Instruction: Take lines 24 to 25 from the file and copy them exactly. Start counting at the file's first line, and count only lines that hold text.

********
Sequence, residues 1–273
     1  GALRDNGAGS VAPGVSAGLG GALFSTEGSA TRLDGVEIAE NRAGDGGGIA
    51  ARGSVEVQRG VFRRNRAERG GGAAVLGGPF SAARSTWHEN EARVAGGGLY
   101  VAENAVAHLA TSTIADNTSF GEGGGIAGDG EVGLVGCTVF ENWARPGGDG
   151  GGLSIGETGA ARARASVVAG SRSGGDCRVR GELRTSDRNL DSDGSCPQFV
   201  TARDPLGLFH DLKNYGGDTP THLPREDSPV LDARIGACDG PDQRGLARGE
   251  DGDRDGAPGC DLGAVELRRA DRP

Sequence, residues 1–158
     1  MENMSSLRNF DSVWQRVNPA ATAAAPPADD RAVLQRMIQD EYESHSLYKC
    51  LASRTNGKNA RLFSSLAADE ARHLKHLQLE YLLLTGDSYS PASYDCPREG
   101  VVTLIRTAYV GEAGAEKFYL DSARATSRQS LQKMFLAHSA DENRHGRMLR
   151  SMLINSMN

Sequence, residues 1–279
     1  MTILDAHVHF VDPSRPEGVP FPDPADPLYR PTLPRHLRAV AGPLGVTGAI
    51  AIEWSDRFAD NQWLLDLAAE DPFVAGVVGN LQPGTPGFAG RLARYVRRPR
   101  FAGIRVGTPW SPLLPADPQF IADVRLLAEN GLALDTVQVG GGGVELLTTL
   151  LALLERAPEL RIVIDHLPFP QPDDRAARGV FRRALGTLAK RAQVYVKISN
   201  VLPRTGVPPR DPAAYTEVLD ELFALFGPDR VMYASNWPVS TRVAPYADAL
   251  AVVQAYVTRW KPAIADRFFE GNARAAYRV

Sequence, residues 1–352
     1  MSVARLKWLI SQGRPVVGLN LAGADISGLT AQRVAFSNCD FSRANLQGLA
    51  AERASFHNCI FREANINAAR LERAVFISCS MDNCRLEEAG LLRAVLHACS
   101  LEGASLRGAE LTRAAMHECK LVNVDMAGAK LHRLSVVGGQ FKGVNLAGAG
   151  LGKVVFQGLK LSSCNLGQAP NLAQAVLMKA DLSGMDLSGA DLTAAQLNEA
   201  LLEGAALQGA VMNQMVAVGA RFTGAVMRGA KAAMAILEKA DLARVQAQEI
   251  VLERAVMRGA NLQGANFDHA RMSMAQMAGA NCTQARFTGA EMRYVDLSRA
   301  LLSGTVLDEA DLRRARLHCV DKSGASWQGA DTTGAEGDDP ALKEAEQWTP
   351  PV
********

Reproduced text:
   151  LGKVVFQGLK LSSCNLGQAP NLAQAVLMKA DLSGMDLSGA DLTAAQLNEA
   201  LLEGAALQGA VMNQMVAVGA RFTGAVMRGA KAAMAILEKA DLARVQAQEI